A set of potholders made from fabric purchased some 21 years ago.

Say, what? Continue reading

Anna’s Hawk

As hubby and I drove the last few yards towards our driveway coming home from an outing the other day, the soundless swoosh of a hawk made its dramatic landing by the side of the road. Just as suddenly, it took flight to who-knows-where.red-tailed-hawk-in-flight

In those few moments, the raw heft of this bird of prey left a palpable presence. Bringing to mind my friend Anna’s novel, The Hawk. 

I’ve been reading it on Smashwords, where she has self-published many of her other novels. I respect the fact that as a creative (he)artist, she does the work necessary to get her work out there for others to enjoy.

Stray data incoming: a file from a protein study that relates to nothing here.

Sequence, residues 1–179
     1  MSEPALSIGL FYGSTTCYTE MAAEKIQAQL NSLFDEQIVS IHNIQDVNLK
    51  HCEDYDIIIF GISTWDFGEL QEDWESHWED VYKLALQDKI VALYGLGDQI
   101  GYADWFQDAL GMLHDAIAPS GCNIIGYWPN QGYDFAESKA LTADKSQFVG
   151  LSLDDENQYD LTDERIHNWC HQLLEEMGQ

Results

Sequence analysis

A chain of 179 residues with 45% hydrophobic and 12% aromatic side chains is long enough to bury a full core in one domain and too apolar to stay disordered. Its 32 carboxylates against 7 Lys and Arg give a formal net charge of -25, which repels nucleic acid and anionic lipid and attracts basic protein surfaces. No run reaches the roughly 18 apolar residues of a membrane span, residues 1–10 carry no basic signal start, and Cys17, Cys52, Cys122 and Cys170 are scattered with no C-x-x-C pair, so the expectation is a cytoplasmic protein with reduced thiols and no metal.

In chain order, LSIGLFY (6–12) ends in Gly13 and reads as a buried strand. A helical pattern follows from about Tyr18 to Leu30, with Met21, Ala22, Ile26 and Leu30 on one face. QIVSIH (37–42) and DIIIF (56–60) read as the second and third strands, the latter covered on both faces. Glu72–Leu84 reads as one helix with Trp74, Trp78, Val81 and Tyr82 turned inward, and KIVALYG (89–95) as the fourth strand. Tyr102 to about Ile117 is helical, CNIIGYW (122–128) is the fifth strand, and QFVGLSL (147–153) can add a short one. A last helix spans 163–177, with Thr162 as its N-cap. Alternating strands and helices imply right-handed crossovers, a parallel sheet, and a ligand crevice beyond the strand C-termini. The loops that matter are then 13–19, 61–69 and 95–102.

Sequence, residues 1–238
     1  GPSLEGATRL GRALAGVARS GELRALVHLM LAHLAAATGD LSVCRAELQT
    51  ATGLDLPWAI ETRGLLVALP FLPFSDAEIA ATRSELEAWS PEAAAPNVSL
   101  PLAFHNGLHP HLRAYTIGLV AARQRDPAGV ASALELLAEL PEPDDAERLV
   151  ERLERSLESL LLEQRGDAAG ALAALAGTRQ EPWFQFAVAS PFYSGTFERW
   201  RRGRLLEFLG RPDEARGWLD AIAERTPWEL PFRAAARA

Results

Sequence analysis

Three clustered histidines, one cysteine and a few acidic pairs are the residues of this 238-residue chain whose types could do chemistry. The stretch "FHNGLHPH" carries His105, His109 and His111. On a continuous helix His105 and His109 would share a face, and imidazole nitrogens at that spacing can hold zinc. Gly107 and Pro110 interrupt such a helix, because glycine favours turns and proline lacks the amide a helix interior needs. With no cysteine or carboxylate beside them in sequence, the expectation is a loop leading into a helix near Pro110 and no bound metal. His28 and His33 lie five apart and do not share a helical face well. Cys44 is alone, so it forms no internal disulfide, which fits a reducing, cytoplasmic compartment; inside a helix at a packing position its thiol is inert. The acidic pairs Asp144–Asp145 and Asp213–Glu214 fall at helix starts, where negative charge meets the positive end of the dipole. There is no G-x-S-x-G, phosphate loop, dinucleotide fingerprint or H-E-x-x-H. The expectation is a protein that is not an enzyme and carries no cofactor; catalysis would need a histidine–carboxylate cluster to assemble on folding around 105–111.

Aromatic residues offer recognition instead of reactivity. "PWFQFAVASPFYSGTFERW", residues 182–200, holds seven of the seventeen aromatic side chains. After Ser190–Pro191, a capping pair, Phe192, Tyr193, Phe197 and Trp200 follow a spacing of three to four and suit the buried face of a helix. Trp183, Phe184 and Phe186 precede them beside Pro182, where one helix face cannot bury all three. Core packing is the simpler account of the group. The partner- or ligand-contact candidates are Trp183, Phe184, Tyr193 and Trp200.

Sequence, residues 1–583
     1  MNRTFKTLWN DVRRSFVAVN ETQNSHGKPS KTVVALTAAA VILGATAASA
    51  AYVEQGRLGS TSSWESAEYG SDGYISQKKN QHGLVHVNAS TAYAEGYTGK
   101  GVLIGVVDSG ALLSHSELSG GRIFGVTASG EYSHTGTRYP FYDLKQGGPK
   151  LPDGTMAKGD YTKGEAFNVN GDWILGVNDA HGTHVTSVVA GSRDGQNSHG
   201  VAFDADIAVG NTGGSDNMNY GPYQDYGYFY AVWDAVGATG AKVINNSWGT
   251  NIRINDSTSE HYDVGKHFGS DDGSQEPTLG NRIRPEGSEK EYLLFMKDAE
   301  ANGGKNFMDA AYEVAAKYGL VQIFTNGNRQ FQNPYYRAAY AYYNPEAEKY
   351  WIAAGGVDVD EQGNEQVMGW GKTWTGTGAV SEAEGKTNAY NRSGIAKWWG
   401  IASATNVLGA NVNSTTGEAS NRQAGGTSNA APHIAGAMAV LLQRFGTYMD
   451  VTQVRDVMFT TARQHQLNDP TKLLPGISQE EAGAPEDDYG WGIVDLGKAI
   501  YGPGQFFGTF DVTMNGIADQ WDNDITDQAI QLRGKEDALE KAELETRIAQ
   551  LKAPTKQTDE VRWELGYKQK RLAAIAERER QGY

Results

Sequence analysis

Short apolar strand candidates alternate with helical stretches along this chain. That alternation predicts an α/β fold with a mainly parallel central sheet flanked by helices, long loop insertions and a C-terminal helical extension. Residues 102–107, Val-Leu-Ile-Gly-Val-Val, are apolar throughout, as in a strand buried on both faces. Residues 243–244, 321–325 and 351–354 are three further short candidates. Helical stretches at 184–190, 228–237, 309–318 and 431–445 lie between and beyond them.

She believes her novels are examples of faith in action.  As she says: “And this is where faith comes into the process; it’s trusting your instincts as a creative force to just let the words, or whatever artistic tools you choose, go where they will.”

Thank you Anna for that reminder. Continue reading

The Last 10,000 Miles

Anticipation:

Around this time last year, I noticed the odometer on our 2003 Toyota Camry read a little over 290,000 miles. And I remember thinking, “Wow, almost 300,000!”  Okay, that’s an obvious, yet  normal reaction.  Along with it came a heightened sense of wonder each time the car was driven.  Would today be the day it’d get to 300,000?

We do a lot of driving.  We figured it’d get to 300,000 in no time.  Feelings of tingly anticipation for the imminent occurrence of the momentous event were close to the surface of our emotions. And yet, those 10,000 miles seem to have taken longer to accrue than ever.

Son-in-law David mixing up a mini-margarita for his mother-in-law (me) during our visit to Nashville. Impressive.

Son-in-law David mixing up a mini-margarita for his mother-in-law (me) during our visit to Nashville (Summer 2014). Impressive.